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A Sherlockian Quartet

A Sherlockian Quartet

5.0 1
by Rick Boyer, Pat Roberts (Editor), Susan Parker (Editor)

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aBOOKS Distributing
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6.05(w) x 9.05(h) x 0.80(d)

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A Sherlockian Quartet 5 out of 5 based on 0 ratings. 1 reviews.
Ausonius More than 1 year ago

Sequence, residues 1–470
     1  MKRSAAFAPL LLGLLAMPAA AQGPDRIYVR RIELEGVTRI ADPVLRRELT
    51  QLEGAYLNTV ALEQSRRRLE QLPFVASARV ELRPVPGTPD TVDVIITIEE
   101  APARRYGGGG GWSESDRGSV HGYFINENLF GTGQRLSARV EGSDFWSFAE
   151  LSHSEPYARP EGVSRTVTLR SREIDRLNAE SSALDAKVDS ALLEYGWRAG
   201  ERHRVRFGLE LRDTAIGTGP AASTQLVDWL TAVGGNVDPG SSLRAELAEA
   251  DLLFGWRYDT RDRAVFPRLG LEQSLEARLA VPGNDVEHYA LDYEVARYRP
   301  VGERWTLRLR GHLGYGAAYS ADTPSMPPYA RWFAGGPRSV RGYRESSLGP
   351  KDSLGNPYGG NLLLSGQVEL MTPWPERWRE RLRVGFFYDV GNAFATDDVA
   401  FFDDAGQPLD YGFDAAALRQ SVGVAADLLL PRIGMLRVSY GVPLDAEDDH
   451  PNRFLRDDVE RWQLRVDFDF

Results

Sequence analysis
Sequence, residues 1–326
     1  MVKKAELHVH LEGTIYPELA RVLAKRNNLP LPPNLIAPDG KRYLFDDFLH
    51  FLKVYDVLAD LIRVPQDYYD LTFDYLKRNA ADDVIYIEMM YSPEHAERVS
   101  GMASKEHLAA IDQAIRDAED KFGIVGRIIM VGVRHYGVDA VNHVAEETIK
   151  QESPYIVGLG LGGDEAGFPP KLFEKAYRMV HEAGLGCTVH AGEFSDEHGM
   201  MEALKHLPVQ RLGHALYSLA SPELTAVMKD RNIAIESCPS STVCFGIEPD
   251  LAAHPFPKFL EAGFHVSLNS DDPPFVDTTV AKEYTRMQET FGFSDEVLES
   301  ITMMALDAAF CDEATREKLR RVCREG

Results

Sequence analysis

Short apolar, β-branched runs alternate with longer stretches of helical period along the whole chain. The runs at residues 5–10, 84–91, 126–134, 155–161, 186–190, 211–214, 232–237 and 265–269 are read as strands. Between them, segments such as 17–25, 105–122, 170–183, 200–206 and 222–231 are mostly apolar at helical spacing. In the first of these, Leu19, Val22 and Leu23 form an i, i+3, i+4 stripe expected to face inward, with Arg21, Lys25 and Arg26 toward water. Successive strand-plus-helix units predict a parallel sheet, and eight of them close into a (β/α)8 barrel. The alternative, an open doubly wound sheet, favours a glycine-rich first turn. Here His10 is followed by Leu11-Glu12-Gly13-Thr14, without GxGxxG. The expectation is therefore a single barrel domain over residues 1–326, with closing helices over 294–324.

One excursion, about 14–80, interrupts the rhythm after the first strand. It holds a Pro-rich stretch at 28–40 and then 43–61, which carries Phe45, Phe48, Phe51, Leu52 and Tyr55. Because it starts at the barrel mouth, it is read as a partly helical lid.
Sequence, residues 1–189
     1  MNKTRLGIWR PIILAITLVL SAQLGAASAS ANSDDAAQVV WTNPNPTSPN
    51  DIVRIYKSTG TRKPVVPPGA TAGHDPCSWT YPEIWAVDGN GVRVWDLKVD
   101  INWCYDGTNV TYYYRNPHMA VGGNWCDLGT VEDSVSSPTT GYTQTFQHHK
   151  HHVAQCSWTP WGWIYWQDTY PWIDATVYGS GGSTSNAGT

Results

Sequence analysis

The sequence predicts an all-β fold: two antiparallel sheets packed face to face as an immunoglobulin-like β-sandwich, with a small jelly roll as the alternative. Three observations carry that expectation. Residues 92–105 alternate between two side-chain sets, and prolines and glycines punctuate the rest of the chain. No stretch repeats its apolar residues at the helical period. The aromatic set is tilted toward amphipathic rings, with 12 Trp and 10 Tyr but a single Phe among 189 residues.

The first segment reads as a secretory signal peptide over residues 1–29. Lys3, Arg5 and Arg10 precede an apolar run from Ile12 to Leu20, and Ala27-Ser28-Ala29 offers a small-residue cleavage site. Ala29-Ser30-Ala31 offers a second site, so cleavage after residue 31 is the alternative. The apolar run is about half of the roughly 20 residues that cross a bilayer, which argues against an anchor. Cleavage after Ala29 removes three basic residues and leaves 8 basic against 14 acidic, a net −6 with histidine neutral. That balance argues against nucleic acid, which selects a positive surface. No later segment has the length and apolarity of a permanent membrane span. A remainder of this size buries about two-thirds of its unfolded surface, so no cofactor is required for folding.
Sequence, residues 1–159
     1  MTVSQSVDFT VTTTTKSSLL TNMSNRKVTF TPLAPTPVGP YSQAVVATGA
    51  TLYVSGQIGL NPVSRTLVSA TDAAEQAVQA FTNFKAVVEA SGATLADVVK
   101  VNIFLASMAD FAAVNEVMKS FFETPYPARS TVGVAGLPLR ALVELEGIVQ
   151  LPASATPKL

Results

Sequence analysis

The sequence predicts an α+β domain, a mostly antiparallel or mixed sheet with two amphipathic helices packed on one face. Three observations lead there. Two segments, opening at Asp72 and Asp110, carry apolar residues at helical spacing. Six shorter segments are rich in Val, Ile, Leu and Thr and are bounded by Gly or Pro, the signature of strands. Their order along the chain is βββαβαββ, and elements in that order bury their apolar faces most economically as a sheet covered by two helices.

I like four or five Sherlock Holmes yarns very much. The rest I could do without. By those admittedly low personal standards, Rick Boyer's 1999 A SHERLOCKIAN QUARTET comes across to me as genuinely Holmesian. ***** -- The reprint of 1976's novel, THE GIANT RAT OF SUMATRA is by far the longest of the QUARTET's four Holmes pastiches. As have others, author Rick Boyer expands upon a few words in Conan Doyle's "The Adventure of the Sussex Vampire: "... Watson, it was a ship which is associated with the giant rat of Sumatra, a story for which the world is not yet prepared." ***** Boyer also uses THE GIANT RAT to continue Doyle's great THE HOUND OF THE BASKERVILLES. BASKERVILLE's villain, Jack Stapleton, had survived the pitfalls of the moors and now burns for vengeance against Holmes. As he had once trained a large but gentle hound, perverting it into a raving man-killer, so Stapleton now does the same with an herbiverous Sumatran tapir. Soon enough Holmes senses that his old foe Stapleton is alive and well and casting his gauntlet at the great consulting detective's feet. ***** The rest of the QUARTET is made up of three shorter tales published for the first time: ***** -- Easily the slightest and ranking in quality with the bottom five percent of genuine Holmes' tales is "The Adventure of Zolnay, the Aerialist." Historical John Merrick, the deformed London "elephant man," becomes a pawn in a jealous circus performer's murder of a lovely trapeze artist who had ditched him. A bit ham-handed. ***** -- Much better and full of both good clues and red herrings is "The Adventure of Bell Rock Light." Holmes and Watson vacation in northeastern Scotland near Aberdeen. Fans of Sir Walter Scott and of Robert Louis Stevenson (the latter's ancestor built Bell Rock and other lighthouses) will not mind the didactic treatment of the men who managed light houses, especially famed Bell Rock Lighthouse built far from shore in the Firth of Tay. High up in that isolated tower a mysterious death occurs. If it was murder, it had to be by a non-human, as Holmes and Watson with enormous difficulty determine. A Chinese print sets Holmes's giant brain to work. ***** -- "The Adventure of the Eyrie Cliff" is set on the southeastern coast of England during World War I, in the spring of 1917. Germany has resumed full scale submarine warfare against neutral vessels and America will soon enter the war. Aging Sherlock Holmes, his high-ranking older brother Mycroft and Doctor Watson do battle with a German U-boat as it attempts to smuggle out a kidnapped young English genius who knows how to foil the Kaiser's new maritime strategy. Holmes's wartime duties entitle him to a fast motor cycle with sidecar, which terrifies Watson when a passenger. ***** COMMENT: had Sir Arthur Conan Doyle kept cranking out Holmes and Watson adventures, they might well have read much like A SHERLOCKIAN QUARTET. Paying more attention to modern readers demands to be active partners in unraveling puzzle, Rick Boyers is generally fairer than Doyle in giving good clues before rather than after the great Holmes deconstructs his mental processes. This book grows on you. Buried treasure for Holmesians! -OOO-